Denise Woods, who turned to breeding micro-pigs after a successful career as a florist, is planning to open a ‘hotel for pigs’ in Dundalk. According to Denise, who introduced the animals to Ireland, they are becoming the ‘new dog’ for pet-lovers and they must be kennelled when their owners go on holiday. It was this fact that gave her the idea for the special hotel. Anyone wishing to own a micro-pig must first undergo an inspection by the Department of Agriculture before being granted a licence.
Mayo: Disagreement over fate of bog road
Some local residents are angry at a proposal by the county council to close a bog road in Swinford, while others have welcomed the move. The Carrabawn Road, known locally as the Old Bog Road, is used by landowners, farmers and pedestrians and is deemed particularly suitable for transporting cattle from Meelick to Balla Mart via the Kiltimagh road. However two councillors, Joe Mellett and Eugene Lavin, have expressed the views of other residents who believe that the closure of the road would halt the illegal dumping taking place on a regular basis.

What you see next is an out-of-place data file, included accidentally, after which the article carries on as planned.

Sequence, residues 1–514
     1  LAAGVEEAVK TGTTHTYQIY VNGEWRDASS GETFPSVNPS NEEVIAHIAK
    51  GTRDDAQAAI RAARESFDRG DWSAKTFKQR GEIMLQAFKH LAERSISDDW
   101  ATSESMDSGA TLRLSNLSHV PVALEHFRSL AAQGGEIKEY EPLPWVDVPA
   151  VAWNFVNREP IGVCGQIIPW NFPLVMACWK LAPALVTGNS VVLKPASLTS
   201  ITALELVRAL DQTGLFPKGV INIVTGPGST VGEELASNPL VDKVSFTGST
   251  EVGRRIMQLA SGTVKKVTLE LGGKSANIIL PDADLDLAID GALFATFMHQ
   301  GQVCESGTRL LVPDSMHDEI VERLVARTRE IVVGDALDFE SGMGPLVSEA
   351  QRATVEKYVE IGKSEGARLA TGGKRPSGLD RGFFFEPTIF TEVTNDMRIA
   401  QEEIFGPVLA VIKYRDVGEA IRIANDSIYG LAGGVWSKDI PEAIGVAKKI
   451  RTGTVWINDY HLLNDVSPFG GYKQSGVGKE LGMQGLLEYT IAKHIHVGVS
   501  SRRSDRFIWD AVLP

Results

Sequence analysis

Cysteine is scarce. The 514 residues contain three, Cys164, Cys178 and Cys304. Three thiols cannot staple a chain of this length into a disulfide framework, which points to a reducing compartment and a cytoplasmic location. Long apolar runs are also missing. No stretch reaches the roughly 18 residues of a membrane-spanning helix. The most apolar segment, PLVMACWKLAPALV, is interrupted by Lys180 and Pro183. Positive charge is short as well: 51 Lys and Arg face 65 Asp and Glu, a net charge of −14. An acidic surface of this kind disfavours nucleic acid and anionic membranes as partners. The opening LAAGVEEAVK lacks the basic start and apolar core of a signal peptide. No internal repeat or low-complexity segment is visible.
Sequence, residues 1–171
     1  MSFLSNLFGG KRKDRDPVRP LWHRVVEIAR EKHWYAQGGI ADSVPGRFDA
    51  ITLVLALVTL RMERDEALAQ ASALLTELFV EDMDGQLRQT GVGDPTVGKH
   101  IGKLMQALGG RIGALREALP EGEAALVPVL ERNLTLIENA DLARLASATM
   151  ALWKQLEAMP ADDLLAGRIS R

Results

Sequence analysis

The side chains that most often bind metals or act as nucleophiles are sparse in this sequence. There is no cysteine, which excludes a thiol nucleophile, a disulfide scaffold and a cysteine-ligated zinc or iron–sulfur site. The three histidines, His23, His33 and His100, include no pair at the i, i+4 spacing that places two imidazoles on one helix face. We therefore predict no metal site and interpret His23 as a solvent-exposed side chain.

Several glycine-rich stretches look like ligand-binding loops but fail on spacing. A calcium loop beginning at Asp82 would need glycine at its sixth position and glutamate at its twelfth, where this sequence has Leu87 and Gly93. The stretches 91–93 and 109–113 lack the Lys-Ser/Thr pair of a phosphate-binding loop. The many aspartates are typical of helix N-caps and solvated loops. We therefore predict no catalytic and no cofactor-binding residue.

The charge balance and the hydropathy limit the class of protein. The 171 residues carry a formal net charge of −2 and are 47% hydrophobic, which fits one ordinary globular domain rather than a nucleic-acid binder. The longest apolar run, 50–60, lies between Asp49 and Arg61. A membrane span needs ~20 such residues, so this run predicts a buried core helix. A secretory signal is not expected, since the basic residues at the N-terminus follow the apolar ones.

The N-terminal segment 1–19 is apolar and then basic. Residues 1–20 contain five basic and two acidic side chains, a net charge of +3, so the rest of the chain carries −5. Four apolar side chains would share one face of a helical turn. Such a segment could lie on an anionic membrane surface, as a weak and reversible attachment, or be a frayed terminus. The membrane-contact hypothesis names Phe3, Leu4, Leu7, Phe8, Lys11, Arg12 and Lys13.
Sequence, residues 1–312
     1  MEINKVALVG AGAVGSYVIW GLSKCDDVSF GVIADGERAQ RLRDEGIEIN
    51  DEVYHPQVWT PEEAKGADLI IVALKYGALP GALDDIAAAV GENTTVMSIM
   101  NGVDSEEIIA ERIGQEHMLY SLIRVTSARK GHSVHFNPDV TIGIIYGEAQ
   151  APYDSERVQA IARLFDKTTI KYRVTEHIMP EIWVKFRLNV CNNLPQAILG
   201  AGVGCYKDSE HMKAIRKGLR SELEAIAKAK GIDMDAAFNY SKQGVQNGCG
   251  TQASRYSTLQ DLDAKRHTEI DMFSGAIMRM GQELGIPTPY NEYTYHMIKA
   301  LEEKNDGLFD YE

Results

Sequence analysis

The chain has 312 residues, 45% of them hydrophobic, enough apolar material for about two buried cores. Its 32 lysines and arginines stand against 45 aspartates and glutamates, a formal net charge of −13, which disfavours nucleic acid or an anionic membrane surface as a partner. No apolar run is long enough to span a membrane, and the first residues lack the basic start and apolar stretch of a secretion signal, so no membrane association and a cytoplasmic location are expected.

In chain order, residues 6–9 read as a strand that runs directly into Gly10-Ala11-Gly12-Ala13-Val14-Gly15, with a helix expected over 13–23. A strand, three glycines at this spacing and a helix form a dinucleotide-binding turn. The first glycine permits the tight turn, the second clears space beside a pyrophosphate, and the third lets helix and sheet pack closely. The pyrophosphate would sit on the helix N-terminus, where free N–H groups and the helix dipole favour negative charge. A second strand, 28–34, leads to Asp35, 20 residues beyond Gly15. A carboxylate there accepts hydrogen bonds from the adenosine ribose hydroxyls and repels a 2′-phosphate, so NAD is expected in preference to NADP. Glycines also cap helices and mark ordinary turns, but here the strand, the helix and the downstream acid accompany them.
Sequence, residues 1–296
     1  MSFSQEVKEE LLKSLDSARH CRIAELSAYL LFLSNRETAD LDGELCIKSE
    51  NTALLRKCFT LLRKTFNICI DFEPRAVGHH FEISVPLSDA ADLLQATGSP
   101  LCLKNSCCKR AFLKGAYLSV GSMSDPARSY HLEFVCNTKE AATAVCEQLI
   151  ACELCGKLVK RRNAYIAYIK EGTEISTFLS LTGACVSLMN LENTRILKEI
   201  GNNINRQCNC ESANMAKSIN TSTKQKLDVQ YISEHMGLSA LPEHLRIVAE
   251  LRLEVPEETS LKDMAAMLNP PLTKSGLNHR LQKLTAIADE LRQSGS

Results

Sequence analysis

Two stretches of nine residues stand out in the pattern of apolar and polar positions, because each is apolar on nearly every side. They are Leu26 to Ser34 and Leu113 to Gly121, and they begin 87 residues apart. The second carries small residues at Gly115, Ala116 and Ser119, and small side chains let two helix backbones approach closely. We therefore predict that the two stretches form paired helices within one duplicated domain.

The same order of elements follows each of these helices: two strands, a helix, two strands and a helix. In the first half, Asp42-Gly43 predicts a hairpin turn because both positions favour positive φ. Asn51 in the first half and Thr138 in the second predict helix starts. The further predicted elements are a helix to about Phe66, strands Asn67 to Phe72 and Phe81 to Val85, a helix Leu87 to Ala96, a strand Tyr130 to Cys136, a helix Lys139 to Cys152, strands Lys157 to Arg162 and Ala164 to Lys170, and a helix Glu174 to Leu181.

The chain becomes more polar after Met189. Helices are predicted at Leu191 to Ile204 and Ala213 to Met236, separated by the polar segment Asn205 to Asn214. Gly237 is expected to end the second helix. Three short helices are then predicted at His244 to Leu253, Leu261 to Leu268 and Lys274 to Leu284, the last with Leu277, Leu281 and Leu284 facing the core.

Meath: New Athboy market to feature on RTE
This week the new farmers’ market in Athboy will feature on the RTE television show “Dirty Old Towns”, with horticulturalist Diarmuid Gavin. Over the past two months the Athboy Stables site, part of the former Dyas Estate on the Kells Road, has been restored in conjunction with the television series and it had its official launch recently, performed by the town’s Community Person of the Year for 2011, Padraic Staunton. The event was televised and will feature on this week’s programme, while the farmers’ market is due to take place every Sunday.
Monaghan: May Day Parade for Castleblayney
On Monday Castleblayney played host to the Annual May Day Parade which featured street performers, floats made by local school and businesses, and up to ten marching bands from all over the county. The local Chamber of Commerce, who organised the event, decided that the important role of Chief Marshal should this year go to local law clerk Liam McGrath and he was accorded a special presentation from the Chamber on the day. Following the parade a ‘beat on the street’ took place on Main Street in the town, including a performance from ‘Fuzzy Burgers’.
Offaly: Billy gets in on the Obama act